This is the summer that my children, ages 13, 11 and 8, WILL learn to cook.
Yes, I should have done this before now. But like most busy moms, I’ve been more focused on slapping dinner on the table than about explaining how it got there.
I realize that my kids are only getting older, and one day soon they’re going to need to scramble their own eggs. And that, as you know, is not as easy as it sounds. The one thing that cooking requires, more than natural talent or creativity, is practice. And unless I invite them in to make some messes and slow me down, they will never learn.
I don’t have any hard data on the subject, but I’m willing to bet that young people know less today about the fundamentals of cooking than ever before, despite the collective rise in food knowledge nationwide. We learn about what to eat from food blogs and network television, but we’re also sprinting through life, often opting for eating out or dining at home with prepared foods. By the time kids leave the house for college or whatever comes next, will they be able to make themselves a decent meal? It’s a super important skill. Life is a lot easier if you have it.
So, this week, as the time we normally spent on homework was suddenly available, our project began. Here’s how the first lesson went.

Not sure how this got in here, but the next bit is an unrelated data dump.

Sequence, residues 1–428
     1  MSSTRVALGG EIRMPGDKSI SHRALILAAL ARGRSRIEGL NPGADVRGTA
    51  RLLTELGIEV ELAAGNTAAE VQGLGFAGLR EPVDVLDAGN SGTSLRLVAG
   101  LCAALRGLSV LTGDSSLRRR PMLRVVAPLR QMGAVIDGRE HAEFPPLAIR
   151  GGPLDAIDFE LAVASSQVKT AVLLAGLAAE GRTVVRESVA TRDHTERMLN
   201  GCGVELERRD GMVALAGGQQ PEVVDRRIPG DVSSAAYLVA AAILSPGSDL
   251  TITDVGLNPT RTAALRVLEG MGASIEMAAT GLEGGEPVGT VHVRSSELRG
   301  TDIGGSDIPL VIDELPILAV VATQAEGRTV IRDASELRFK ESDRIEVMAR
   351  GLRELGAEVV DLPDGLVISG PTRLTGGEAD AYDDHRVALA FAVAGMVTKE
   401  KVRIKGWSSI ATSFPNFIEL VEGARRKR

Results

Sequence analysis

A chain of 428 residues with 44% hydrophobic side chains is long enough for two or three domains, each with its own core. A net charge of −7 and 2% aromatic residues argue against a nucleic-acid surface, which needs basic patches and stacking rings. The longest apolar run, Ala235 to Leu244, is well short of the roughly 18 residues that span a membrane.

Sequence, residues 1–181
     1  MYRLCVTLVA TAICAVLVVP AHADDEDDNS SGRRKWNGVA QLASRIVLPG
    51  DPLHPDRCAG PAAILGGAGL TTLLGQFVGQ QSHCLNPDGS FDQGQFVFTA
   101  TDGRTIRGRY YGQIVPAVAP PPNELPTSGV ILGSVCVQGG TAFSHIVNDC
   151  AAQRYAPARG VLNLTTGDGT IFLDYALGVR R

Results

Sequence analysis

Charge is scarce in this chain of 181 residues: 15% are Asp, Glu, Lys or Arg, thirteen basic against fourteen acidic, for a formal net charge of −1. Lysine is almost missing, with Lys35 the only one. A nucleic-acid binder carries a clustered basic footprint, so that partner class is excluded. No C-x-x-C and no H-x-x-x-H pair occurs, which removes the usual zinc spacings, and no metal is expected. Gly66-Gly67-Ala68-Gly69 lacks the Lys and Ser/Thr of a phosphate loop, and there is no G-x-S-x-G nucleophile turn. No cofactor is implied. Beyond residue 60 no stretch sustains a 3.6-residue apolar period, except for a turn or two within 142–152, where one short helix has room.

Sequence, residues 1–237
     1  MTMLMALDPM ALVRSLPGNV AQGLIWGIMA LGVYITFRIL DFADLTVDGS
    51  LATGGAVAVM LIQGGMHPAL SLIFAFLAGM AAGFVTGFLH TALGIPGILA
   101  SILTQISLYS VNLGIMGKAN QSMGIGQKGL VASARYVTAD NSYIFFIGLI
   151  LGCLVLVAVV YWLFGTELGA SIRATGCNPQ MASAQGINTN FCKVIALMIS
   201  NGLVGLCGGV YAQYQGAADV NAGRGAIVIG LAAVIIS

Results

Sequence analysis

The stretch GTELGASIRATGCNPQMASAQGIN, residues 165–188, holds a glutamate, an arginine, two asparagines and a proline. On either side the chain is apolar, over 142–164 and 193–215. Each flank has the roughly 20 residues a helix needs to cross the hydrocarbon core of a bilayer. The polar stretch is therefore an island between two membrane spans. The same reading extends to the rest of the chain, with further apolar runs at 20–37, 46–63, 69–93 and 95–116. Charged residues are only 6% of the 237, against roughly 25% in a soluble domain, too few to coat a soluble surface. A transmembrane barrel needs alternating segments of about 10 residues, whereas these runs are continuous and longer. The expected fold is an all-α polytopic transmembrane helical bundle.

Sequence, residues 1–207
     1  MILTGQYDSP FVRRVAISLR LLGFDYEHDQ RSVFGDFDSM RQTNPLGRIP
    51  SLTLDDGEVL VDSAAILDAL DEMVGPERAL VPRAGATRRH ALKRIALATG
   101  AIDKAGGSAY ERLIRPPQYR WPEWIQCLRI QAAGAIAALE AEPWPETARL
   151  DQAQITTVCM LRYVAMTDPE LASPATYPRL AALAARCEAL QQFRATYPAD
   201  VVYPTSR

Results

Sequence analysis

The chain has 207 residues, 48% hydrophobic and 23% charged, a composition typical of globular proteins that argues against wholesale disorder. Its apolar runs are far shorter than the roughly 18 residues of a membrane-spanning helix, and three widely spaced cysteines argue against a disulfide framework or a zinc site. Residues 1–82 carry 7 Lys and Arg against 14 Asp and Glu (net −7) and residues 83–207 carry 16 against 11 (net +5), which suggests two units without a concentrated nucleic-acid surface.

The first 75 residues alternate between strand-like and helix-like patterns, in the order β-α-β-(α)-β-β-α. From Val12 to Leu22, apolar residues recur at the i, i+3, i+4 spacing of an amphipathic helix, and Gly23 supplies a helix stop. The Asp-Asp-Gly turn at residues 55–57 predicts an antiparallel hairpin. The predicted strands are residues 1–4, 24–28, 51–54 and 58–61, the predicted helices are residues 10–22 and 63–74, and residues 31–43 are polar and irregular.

The day before, my husband had grilled beautiful Gulf shrimp that I’d picked up from the Red Stick Farmers Market. With more than a dozen leftover, it seemed like the perfect time to make remoulade, the tangy condiment found in Creole cooking and throughout France and other European countries. Instead of doing it myself, I handed the recipe over to my 13-year-old daughter Marien.
A cold sauce was a great place to start with our summer project. It was straightforward and didn’t require actual cooking, but it gave us a chance to chat about a multitude of kitchen tips. It’s not until you execute a recipe with a young person that you realize how many things they’ve yet to learn. Cooking seems obvious to adults who enjoy it, but it isn’t. Look what came up just from this simple recipe:
• Safety, including the importance of placing a dishtowel under a cutting board so it doesn’t slide
• Basic knife skills, including how to chop an onion, celery, green onions, and how to mince garlic
• What the heck is remoulade and what else can you eat it with besides shrimp? (chicken or crabmeat)
• What’s a good substitute for fresh parsley since ours was spent and I wasn’t driving to the store (for this recipe, fresh chives)
• How much juice can you extract from of a lemon half? (1 tablespoon)
• How many tablespoons are in a quarter-cup? (3)
• The importance of reading a recipe all the way through
• Mise-en-place, measuring out the ingredients first and placing them in order of use
The remoulade called for 14 ingredients run through the food processor for about 30 seconds. It was simple, fragrant and tasty.
One final residual benefit: If I’d made the remoulade and served it drizzled atop her chicken breast, Marien probably would have balked.
But since she made it, guess what?
She liked it.
While many Louisiana remoulades are more red in color, our oil-based one used lots of mustard. We loved its tang.